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Eram Garden
People, Travel

Eram Garden

The idyllic Eram Garden or Bagh-e Eram, in northwest Shiraz, Fars Province, is a charming place with a variety of trees and flowers, and a historical mansion in the middle.
The word ‘eram’ is a Persianized derivation of the Arabic word ‘Iram’ which means heaven. Eram Garden was named after a legendary garden called Iram in southern Arabia, built on the order of the Arab ruler, Shaddad who wanted to depict the “beauty of heaven”. The garden, which was created along the northern shore of Khoshk River, with its lush vegetation, is in fact a reflection of paradise on earth.
It is unclear when the garden was constructed.  Historical evidence suggests, it was commissioned by the celebrated Sultan Sanjar, the Seljuk king, between 1118 and 1153.  Numerous other gardens were created during his reign.

  Owners
Like many other historical monuments in the southern city of Shiraz, Eram Garden was restored and repaired by the Zand kings who made Shiraz their capital during the second half of the 18th century. During final years of Zand dynasty, the garden was owned by Qashqai tribal chiefs.
During the reign of Fath-Ali Shah of Qajar dynasty (1797-1834), one of Qashqai chiefs, Jani Khan and his son Mohammad Qoli Khan, commissioned the construction of the original mansion, and planted the garden with different trees including cypress, pine, orange and persimmon trees.
During the reign of Nasser al-Din Shah of the Qajar dynasty (1848 – 1896), Mirza Hassan Ali Khan Nasir al-Molk bought the garden from Qashqais, and demolished the mansion and in its place built a pavilion, designed by a famous Shirazi architect, Hajj Mohammad Hassan.
The pavilion was decorated by Hassan Ali Khan’s son Abol Qassem Khan who inherited the garden after his father.
The garden finally passed on to Abol Qassem Khan’s son Abdullah Qavam who sold it to the Qashqais once again, as stated in tourismway.com.

  Pavilion
The three-story pavilion has been based mainly on Safavid and Qajar style of architecture. There is an impluvium in the ground level of the mansion, designed for repose on lazy summer days. A small stream passes through the building, pours into a small pool, and runs out from the other end, down to a large ornamental pool in front.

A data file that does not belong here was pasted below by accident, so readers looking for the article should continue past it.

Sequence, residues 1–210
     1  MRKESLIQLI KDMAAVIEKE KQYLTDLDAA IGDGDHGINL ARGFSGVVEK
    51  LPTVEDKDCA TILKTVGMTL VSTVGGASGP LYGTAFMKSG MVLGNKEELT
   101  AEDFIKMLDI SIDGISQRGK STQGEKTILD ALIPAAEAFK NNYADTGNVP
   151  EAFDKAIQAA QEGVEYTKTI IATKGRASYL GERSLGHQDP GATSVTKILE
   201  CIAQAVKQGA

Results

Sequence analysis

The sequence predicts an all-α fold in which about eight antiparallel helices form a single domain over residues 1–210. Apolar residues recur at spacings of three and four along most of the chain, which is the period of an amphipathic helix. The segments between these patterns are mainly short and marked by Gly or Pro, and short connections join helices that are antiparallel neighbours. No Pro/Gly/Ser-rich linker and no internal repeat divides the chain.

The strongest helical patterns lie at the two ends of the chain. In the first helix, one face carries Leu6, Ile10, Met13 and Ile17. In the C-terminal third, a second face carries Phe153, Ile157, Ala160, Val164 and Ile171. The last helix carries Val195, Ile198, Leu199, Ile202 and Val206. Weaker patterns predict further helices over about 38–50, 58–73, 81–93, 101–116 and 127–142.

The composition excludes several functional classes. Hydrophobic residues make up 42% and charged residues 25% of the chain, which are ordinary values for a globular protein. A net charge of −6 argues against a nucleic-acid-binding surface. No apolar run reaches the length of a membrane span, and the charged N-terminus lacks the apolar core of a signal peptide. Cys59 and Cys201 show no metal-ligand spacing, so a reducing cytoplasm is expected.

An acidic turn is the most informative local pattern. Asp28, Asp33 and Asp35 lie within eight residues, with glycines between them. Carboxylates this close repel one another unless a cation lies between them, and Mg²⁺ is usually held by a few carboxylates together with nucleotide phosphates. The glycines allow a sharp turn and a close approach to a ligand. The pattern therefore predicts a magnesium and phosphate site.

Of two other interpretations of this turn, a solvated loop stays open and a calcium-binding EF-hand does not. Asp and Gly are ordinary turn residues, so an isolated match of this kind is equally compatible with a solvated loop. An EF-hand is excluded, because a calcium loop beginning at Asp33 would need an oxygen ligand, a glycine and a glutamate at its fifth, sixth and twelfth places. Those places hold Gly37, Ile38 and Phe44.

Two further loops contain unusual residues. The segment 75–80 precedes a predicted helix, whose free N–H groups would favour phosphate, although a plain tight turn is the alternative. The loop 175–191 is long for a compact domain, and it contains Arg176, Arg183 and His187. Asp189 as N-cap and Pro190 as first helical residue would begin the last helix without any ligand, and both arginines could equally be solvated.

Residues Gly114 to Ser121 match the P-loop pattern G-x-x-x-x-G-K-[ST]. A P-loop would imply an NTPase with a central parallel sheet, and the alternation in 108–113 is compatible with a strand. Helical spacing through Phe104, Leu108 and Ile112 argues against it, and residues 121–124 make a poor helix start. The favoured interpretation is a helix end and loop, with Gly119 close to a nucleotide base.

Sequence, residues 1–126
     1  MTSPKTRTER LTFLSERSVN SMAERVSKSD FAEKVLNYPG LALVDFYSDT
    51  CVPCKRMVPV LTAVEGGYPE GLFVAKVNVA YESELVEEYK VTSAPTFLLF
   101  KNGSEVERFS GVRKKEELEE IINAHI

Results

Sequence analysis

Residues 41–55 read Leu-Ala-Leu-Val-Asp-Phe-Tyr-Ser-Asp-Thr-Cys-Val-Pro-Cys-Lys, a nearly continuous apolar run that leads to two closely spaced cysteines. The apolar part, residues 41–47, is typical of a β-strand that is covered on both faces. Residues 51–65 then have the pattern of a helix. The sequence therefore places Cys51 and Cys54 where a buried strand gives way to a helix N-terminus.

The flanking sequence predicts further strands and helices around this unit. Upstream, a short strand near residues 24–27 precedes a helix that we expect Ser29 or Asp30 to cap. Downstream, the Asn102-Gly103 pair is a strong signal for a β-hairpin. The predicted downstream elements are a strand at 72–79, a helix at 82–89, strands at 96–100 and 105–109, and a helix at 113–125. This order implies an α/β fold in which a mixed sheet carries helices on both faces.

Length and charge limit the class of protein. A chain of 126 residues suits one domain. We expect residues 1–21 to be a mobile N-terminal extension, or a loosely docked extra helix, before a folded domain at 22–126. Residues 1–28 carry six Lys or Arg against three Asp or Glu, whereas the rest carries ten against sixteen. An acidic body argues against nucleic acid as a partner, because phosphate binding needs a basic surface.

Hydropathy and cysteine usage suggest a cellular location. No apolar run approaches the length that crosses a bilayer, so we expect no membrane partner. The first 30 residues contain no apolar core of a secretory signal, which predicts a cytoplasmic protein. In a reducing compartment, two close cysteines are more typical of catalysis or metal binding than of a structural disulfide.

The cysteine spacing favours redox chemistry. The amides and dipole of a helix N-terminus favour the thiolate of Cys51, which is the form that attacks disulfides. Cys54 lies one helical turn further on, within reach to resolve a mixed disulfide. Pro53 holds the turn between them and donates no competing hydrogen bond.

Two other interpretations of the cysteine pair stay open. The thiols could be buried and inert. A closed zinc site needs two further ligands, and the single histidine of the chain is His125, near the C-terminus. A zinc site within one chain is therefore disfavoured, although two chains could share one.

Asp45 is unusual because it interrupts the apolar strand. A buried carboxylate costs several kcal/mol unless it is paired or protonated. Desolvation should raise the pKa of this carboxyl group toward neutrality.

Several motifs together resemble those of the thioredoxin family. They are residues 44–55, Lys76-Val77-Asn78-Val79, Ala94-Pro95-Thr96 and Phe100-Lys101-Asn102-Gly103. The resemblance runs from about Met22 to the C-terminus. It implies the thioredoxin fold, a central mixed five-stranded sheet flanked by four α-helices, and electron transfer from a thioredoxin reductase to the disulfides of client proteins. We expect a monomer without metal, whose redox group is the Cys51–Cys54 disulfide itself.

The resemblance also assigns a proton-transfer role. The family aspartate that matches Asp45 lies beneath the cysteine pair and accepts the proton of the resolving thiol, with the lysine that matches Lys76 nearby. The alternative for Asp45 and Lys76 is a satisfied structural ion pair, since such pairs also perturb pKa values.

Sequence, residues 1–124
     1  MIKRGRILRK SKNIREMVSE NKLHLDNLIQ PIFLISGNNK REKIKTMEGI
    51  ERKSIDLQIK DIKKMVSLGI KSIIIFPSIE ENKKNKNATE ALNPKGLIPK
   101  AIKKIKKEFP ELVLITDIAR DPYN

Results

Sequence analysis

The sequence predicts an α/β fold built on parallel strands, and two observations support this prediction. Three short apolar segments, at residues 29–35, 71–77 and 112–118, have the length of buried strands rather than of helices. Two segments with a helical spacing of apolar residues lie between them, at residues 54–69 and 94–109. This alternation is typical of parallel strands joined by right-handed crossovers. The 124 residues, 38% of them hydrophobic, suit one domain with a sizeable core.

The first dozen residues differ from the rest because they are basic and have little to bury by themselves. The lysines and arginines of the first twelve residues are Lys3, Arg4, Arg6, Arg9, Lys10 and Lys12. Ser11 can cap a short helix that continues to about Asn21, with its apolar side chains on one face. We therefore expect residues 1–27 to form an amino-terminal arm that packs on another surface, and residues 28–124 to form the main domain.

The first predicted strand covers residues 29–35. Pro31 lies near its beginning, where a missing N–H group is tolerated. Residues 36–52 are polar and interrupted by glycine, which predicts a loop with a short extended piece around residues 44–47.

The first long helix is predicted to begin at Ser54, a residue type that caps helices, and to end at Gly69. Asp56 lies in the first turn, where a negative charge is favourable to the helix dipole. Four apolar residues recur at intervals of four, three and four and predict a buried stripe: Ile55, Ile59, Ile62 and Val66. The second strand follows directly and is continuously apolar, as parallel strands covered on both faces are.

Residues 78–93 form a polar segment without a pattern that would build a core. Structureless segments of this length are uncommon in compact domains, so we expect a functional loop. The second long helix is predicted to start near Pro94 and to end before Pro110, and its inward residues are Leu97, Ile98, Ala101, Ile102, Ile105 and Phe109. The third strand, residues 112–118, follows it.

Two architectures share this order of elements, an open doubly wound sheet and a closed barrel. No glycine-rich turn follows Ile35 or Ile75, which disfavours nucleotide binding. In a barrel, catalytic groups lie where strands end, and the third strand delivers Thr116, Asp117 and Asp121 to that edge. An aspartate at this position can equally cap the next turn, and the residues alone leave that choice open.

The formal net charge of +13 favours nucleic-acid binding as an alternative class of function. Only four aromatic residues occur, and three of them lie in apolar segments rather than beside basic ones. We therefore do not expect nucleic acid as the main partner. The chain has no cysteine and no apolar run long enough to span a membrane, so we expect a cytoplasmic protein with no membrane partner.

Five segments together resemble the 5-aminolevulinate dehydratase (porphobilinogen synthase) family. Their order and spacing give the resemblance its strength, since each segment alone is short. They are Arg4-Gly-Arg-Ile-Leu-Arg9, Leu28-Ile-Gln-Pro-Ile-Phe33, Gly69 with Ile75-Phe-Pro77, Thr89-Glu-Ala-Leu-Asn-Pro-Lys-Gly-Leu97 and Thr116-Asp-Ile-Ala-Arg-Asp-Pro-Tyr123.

The visitors of the pavilion are advised to look up at the colorful, Qajar-style tiles on the ceiling. Before proceeding upstairs, it is not a bad idea to take a look at the large kitchen situated at a corner of the house.  
The middle storey has a large veranda erected on two pillars behind which lies a magnificent hall. There are tiles on the front sides of the pillars adorned with floral and equestrian designs.
On the upper floor, there is a large hall whose windows open to the main veranda letting an exceptional view to the garden.  
On the entablature of the building there are three pediments ornamented with tile works. The middle pediment, being larger than the other two, shows Nasser al-Din Shah on a white horse.
Other pediments show Darius the Great, the founder of the Achaemenid dynasty; and a scene where a panther hunts a deer.
The fragrance of myrtles welcomes visitors, especially during springtime. Among the trees and flowers of the enchanting garden, there is a tall, stately cypress, known as Sarv-e Naz, reportedly dating back to 3,000 years ago.
Now a property of Shiraz University, it has been turned into a botanical garden and is open to the public as a museum. The mansion has also been assigned to the university’s Faculty of Law.

 

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